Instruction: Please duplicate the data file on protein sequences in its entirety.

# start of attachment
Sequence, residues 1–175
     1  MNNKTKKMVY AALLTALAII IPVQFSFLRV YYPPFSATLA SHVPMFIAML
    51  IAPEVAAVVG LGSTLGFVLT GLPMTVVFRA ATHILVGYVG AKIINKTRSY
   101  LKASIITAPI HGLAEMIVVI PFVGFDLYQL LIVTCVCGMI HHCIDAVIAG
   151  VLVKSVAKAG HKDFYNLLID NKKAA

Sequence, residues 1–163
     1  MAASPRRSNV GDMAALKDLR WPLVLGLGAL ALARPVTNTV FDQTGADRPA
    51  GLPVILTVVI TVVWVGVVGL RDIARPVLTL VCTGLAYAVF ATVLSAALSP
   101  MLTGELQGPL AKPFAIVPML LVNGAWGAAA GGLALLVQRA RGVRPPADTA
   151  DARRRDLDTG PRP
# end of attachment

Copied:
Sequence, residues 1–175
     1  MNNKTKKMVY AALLTALAII IPVQFSFLRV YYPPFSATLA SHVPMFIAML
    51  IAPEVAAVVG LGSTLGFVLT GLPMTVVFRA ATHILVGYVG AKIINKTRSY
   101  LKASIITAPI HGLAEMIVVI PFVGFDLYQL LIVTCVCGMI HHCIDAVIAG
   151  VLVKSVAKAG HKDFYNLLID NKKAA

Sequence, residues 1–163
     1  MAASPRRSNV GDMAALKDLR WPLVLGLGAL ALARPVTNTV FDQTGADRPA
    51  GLPVILTVVI TVVWVGVVGL RDIARPVLTL VCTGLAYAVF ATVLSAALSP
   101  MLTGELQGPL AKPFAIVPML LVNGAWGAAA GGLALLVQRA RGVRPPADTA
   151  DARRRDLDTG PRP